Indicator value

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Indicator value is a term that has been used in ecology for two different indices. The older usage of the term refers to Ellenberg's indicator values, which are based on a simple ordinal classification of plants according to the position of their realized ecological niche along an environmental gradient.[1] More recently, the term has also been used to refer to Dufrêne & Legendre's indicator value, which is a quantitative index that measures the statistical alliance of a species to any one of the classes in a classification of sites.[2]

Ellenberg's Indicator Value[edit]

Ellenberg's indicator values[1] were the first model of bioindication proposed and applied to the flora of Germany, and they have a long tradition in interpretation and understanding of plant communities and their evolution. The latest edition of Ellenberg's indicator values applies a 9-point scale for each of six gradients: soil acidity, soil productivity or fertility, soil humidity, soil salinity, climatic continentality and light availability.[3] Indicator values have also been published for Switzerland,[4] Great Britain,[5] and some other floras. A substantial advance on a comparable scale to place a local flora on gradients are the climatic profiles of the French SOPHY online database.[citation needed]

Indicator Value of Dufrêne and Legendre[edit]

This indicator value is an integral part of the indicator value , which quantifies the fidelity and specificity of species in relation to groups of sites in a user-specified classification of sites, and tests for the statistical significance of the associations by permutation.[2][6][7]

The indicator value of species i for class j is obtained with the equation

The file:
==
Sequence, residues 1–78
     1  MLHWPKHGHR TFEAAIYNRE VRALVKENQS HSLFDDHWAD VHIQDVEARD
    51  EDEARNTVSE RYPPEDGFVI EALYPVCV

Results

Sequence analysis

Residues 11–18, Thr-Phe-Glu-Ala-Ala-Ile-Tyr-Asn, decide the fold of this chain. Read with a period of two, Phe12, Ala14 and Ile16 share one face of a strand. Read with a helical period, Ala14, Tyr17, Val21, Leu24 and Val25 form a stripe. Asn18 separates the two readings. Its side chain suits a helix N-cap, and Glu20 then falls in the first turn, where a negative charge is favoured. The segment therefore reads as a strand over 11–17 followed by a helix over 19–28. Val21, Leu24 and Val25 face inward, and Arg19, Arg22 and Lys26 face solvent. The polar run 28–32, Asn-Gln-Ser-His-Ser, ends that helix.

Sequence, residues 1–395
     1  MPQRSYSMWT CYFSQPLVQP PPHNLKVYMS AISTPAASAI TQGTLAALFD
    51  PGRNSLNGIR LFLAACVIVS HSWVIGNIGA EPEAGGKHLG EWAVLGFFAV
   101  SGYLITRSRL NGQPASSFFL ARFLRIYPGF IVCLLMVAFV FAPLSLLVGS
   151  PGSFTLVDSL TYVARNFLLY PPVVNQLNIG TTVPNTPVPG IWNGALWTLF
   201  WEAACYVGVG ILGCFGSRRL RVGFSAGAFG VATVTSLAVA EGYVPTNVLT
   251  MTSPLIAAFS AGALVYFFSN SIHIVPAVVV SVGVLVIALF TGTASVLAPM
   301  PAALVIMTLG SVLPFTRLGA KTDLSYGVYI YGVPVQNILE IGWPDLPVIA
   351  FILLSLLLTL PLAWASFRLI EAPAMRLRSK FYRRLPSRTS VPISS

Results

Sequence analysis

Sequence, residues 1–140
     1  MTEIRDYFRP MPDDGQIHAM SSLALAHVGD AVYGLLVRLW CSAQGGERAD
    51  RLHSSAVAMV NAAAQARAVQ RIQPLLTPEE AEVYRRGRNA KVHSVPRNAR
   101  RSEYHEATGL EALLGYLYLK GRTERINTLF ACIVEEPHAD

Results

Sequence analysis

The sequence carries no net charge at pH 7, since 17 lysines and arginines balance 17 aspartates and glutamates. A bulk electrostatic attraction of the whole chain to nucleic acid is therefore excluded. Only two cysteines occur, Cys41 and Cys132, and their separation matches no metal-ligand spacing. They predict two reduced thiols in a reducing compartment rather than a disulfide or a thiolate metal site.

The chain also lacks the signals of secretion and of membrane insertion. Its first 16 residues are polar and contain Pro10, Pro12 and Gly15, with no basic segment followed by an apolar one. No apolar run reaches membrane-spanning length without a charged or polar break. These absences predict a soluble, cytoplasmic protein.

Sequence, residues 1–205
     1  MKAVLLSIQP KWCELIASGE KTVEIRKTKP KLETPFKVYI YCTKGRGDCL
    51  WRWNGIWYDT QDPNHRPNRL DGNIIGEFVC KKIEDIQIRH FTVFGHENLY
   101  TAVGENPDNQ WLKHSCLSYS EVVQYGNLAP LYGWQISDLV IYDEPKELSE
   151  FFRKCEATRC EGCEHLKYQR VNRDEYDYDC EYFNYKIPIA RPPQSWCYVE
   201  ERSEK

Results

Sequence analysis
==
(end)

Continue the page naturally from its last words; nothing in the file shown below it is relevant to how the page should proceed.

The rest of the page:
IndValij = 100 · Aij · Bij


Aij is specificity, i.e. the proportion of the individuals of species i that are in class j
Bij is fidelity, i.e. the proportion of sites in class j that contain species i


  1. ^ a b Ellenberg H. Zeigerwerte der Gefässpflanzen Mitteleuropas / H. Ellenberg // Scripta geobotanica. Göttingen, 1974. – Vol. 9. – 197 p.
  2. ^ a b Dufrene, M., and P. Legendre. 1997. Species assemblages and indicator species: The need for a flexible asymmetrical approach. Ecological Monographs 67:345-366.
  3. ^ Ellenberg H., Weber H.E., Dull R., Wirth V., Werner W., Paulisen D. Zeigerwerte von Pflanzen in Mitteleuropa [Indicator values of plants in Central Europe] / H. Ellenberg, H.E. Weber, R. Dull, V. Wirth, W. Werner, D. Paulisen // Scripta Geobotanics. – V. 18. – Verlag Erich Goltze KG, Göttingen, 1991. – 248 s.
  4. ^ Landolt E. Okologische Zeigerwerts zur Schweizer Flora / E. Landolt // Veroff. Geobot. Inst. ETH. Zurich. – 1977. – H. 64. – S. 1-208.
  5. ^ Hill, M.O.; Mountford, J.O.; Roy, D.B.; Bunce, R.G.H. (1999). Ellenberg's indicator values for British plants. ECOFACT Volume 2. Technical Annex (PDF). Institute of Terrestrial Ecology. ISBN 1870393481. Retrieved 29 May 2017.
  6. ^ De Caceres, M., and P. Legendre. 2009. Associations between species and groups of sites: indices and statistical inference. Ecology 90:3566-3574.
  7. ^ De Caceres, M., P. Legendre, and M. Moretti. 2010. Improving indicator species analysis by combining groups of sites. Oikos 119:1674-1684.